Councilors Hear About Town Ferry Service

Saturday, March 10, 2018
By Sue Ellen Woodcock

The town’s ferry service is something that draws mixed reaction when discussed so at Tuesday’s council meeting a presentation was given about the town ferry service and discussion ensued.

Going back in history the town sought to construct the pier, marina and terminal building between 2003 and 2005. Both were finished by 2012 at a cost of $3,429,993 funded through a PWED grant, the Seaport Advisory Council and the Executive Office of Transportation.

The presentation was prepared by Assistant Town Manager Joe Domelowicz, community development and project manager Tanji Cifuni and intern Ashlyn Howard.

Cifuni said the cost to build and improve the ferry was $1,073,660 with the town paying $234,985. The agreement to purchase the vessel also included the provision that the boat be returned back to the state if the town stops operating the ferry. In the beginning, Boston Harbor Crusies ran a pilot program. The final cost to build the ferry was $981,252 with the town paying $196,250. Another $28,000 was also paid by the town for electronics and navigation equipment.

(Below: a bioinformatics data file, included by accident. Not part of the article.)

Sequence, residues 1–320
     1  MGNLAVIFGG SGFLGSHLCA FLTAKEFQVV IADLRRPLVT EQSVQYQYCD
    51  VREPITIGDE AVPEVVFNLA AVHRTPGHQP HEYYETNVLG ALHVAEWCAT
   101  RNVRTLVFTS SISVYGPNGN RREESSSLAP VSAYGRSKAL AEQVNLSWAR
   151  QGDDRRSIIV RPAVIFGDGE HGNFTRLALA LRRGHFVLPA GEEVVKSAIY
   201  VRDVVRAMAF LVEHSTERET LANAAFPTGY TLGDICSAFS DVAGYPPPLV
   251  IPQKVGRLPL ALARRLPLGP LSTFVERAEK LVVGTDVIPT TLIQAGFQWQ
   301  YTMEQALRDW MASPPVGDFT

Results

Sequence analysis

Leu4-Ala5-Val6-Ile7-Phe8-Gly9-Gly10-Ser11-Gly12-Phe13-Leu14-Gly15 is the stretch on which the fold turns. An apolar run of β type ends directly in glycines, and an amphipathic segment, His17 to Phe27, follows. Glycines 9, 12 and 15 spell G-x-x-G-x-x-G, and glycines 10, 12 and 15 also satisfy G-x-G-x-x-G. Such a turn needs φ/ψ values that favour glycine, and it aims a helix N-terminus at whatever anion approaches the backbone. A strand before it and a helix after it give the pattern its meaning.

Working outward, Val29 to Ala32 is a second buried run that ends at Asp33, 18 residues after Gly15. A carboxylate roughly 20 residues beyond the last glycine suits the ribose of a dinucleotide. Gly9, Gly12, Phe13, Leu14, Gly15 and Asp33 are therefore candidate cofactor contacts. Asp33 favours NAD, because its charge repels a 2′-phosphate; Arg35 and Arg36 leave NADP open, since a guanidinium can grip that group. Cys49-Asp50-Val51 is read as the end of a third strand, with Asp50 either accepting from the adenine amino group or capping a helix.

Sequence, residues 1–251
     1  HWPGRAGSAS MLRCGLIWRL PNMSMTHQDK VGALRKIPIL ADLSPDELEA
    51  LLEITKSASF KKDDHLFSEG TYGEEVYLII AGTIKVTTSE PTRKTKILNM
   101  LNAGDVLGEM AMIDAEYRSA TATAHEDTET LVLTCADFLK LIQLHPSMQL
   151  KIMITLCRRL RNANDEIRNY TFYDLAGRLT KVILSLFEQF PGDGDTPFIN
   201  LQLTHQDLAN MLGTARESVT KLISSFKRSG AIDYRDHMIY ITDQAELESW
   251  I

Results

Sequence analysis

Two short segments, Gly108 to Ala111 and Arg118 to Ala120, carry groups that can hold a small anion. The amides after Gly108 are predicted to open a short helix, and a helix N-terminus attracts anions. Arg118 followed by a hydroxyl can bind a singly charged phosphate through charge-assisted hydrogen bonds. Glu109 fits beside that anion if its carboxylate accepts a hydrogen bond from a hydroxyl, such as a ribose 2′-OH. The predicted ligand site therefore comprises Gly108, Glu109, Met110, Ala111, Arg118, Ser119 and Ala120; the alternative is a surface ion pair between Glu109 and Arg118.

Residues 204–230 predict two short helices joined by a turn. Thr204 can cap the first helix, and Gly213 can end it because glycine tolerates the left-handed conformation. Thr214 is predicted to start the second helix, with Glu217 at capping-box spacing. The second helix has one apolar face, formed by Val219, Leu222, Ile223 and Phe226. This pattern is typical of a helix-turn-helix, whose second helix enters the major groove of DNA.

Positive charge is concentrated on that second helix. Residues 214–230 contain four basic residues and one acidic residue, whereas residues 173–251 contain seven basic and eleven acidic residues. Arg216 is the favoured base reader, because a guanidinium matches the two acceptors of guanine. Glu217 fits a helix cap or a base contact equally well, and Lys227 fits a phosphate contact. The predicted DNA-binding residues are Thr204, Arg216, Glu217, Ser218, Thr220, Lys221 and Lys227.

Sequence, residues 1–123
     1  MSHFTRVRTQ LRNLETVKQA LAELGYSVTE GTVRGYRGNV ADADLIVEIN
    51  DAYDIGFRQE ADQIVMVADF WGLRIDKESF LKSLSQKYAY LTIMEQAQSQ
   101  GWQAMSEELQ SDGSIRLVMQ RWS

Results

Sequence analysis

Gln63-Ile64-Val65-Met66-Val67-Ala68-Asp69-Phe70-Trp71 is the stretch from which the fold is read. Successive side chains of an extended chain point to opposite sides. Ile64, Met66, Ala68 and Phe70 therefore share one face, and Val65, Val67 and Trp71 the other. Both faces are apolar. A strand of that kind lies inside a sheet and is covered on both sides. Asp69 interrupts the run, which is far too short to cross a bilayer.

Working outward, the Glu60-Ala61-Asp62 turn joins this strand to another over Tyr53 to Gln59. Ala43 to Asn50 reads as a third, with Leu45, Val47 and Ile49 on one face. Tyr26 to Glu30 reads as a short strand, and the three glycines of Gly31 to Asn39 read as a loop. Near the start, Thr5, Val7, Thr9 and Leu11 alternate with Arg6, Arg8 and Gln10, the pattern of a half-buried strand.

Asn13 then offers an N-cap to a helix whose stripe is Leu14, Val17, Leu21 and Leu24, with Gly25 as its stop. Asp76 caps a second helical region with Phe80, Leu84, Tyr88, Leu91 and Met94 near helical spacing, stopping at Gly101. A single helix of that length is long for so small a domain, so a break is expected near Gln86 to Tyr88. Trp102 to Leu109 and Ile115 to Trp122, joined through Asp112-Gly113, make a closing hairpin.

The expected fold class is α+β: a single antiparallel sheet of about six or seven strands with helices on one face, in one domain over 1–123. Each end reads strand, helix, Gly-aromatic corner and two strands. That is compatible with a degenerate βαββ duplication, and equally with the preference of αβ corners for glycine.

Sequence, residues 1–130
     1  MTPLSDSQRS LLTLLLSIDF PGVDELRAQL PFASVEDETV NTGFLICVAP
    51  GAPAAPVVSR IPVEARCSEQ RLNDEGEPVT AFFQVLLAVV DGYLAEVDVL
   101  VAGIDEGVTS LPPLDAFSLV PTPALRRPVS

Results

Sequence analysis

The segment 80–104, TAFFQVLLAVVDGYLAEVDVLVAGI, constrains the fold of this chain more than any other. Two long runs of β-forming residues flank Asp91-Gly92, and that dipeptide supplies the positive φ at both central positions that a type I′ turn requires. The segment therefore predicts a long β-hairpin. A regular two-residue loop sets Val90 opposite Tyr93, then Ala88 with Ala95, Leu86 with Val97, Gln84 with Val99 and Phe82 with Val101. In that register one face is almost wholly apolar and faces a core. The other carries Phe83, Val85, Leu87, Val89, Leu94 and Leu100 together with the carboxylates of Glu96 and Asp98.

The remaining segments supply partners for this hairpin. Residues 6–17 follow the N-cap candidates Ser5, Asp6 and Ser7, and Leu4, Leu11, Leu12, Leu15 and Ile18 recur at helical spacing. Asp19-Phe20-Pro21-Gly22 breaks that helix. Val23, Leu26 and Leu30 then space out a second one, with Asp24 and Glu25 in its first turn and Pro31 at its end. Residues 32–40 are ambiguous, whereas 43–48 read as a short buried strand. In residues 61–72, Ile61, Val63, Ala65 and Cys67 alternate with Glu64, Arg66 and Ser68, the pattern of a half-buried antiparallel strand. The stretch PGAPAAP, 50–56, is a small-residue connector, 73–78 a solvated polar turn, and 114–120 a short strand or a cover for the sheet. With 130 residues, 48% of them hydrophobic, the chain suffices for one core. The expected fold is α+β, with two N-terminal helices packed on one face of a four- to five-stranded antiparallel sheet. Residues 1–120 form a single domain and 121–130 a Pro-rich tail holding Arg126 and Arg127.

“We’d like to get through fiscal year 2019 without a contribution from the town,” Domelowicz said, adding they have increased their request from MassDOT. They also hope to work on a regional ferry plan.

“Since building the boat, Winthrop has spent $575,000 from the general fund on service operation,” Cifuni explained, adding that this will be the third season in operation. Ridership has grown each year to over 11,000 passengers.

The cost of a one-way ticket is $8.50 for adults, seniors are $6.50 and students are $6.

“In Winthrop there are probably 1,600 commuters who go downtown (Boston),” said Alice Brown, director of water transportation for Boston Harbor Now. She also shared that if you are a resident of Salem you pay the lowest price, if you are a North Shore resident you can pay a commuter rail rate around $9. There is also a tourism rate of $25 each way.

One woman listening said a major marketing push is needed for the ferry. Others suggested that perhaps someone else should operate the boat for the town. The city of Salem is the only other community in the region with a ferry service and Boston Harbor Cruises operates it for the city.

“We plan on opening and running in April,” said Town Manager Terence Delehanty.

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